Remember, the only reason the manufacturers went to a single carb was to control manufacturing costs, certainly not for fuel delivery efficacy. No automotive engineer will ever claim cylinder fuel balance with a single carb. We have the distinct advantage of starting from a multi carb base, why lose it?
 

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Any time you deviate from the original design, you're asking for trouble.. If you search thru this site you will find quite a few threads on this subject. If I remember correctly, one of our members used a Holley 600cfm two barrell carb mounted on a machined block of billeted aluminum. He bent and mounted 4 pipes to the cylinders using neoprene sleeves with a standard aftermarket air filter & housing on top..

To me, it looked out of place, but it seemed to work. If you have the equipment (machine lathes & grinders), the time and money to manufacture a modification like this, go ahead..

I have always felt that the original equipment was the purest design for the machine and was made to be repaired and should be replaced with LKQ if damaged.

In your case, may I suggest you remove and thoughroly clean the OEM carbs. The kit parts are still available and a lot cheaper than putting an auto carb set up on the bike..
 

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If you want to keep it original then of course rebuild what you have or change out with the 1100 set up both are great.
I and my friends have completed two 78's with an eldabrock four barrel,six hundred cfm. At this time both are running great and it is hard to tell the diffrence at first glance.
they both run great,how ever mileage was lost. We was getting
around forty miles a gallon and now thirty seems about the norm,perhaps on a trip it would scare thirty five. They do run great,plenty of power,set easily,and of course would not cost as much to repair. There is not much changing, same throttle cable,(have to make a small bracket to hold it to hook up) the air cleaner is covered and you still have the small tote tray over it. The whole thing look nice when done.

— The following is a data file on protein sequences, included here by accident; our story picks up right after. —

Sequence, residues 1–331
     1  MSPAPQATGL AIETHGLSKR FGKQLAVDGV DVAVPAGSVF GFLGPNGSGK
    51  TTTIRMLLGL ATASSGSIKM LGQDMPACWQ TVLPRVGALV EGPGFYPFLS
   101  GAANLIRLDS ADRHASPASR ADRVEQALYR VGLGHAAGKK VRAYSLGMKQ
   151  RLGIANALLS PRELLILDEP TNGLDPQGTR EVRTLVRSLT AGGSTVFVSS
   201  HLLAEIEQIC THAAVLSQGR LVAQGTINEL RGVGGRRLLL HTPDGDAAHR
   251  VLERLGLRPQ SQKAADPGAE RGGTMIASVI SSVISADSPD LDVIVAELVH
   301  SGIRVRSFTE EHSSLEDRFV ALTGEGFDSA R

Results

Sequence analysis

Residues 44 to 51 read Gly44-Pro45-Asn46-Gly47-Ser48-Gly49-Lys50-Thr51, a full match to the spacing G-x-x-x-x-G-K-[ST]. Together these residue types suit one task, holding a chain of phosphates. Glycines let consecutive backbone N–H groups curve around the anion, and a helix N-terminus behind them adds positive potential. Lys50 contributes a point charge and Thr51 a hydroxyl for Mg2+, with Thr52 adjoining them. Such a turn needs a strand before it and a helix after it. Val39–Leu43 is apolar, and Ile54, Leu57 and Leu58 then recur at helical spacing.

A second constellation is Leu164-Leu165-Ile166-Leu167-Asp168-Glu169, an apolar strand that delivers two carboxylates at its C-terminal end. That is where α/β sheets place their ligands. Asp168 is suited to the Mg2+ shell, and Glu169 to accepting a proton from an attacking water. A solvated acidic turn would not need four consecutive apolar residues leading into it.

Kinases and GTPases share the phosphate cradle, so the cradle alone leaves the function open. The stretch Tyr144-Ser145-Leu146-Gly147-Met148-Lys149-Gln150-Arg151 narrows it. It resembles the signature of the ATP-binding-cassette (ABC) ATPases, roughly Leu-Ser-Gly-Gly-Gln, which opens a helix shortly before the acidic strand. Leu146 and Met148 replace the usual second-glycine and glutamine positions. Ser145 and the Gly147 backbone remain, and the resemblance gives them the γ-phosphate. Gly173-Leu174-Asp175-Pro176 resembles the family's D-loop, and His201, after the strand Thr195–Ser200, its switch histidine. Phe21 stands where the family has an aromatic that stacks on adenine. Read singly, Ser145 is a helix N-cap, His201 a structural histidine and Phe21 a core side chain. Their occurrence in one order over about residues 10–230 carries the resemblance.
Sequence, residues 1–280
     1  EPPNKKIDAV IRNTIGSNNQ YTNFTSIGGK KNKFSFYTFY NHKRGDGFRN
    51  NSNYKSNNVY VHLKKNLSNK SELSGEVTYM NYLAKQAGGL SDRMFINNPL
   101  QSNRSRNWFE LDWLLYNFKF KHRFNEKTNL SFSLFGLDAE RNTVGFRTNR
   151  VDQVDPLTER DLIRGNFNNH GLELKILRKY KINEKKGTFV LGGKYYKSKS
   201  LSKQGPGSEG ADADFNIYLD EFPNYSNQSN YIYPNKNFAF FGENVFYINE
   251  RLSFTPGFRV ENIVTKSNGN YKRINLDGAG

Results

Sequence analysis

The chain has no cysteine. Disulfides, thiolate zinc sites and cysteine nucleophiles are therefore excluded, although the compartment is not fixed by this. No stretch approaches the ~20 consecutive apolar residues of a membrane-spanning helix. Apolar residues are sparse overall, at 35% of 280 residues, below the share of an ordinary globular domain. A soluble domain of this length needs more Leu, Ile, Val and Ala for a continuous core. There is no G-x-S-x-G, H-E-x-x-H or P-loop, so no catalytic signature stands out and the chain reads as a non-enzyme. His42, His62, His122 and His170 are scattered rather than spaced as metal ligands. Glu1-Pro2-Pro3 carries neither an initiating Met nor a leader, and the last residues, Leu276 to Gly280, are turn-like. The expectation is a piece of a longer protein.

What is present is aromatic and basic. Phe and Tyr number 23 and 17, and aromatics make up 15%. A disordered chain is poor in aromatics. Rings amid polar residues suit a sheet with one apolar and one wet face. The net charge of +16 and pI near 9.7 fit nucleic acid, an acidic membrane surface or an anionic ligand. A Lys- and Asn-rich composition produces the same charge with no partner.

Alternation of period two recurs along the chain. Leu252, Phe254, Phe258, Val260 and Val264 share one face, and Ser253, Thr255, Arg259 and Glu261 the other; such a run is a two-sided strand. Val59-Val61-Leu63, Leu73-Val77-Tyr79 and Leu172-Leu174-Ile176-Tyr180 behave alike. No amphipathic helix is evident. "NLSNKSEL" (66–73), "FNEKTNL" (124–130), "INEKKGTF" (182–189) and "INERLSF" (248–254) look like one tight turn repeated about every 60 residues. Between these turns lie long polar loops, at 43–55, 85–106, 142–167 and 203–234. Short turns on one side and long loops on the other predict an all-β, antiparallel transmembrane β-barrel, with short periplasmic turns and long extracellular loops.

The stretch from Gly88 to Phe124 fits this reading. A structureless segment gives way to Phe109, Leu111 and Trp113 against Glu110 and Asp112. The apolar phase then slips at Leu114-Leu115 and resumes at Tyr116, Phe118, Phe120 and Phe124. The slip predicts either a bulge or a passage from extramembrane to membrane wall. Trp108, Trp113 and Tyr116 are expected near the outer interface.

I had this picture on befor but here is what ours look like when done befor mounting on engine. I am sure it can be improved on but it seems to work well and has for six months now. good luck and keep the wind in your face.
 

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jiggs.... SWEEEEEET!!
 

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Wow, losing 10 miles per gallon and if you ride 10,000 miles per year at $220 (?) a gallon that would be a very expensive Carb, I couldn't afford it !
 

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WOW! Both conversions look really neet! BUT.

I agree that the best performance comes from one carb per cyl. The biggest problem with that is keeping them tuned. Not many can and fewer even have the equipment. The worst blow I found after buying my 82 Wing is that nobody will work on older than 1995. The only one I found that would messed up the carb ballance and/or timing. Runs ok but there's just that unsteady something.

Somthing that seems to slip everyones comments is the boots between the carbs and manafolds. I was told that they are no longer available. I have done some looking (not serious because mine are still OK) and couldn't find any.

A side thought; The 4barrel would send lots of gas on acceleration. Thus the lower mileage.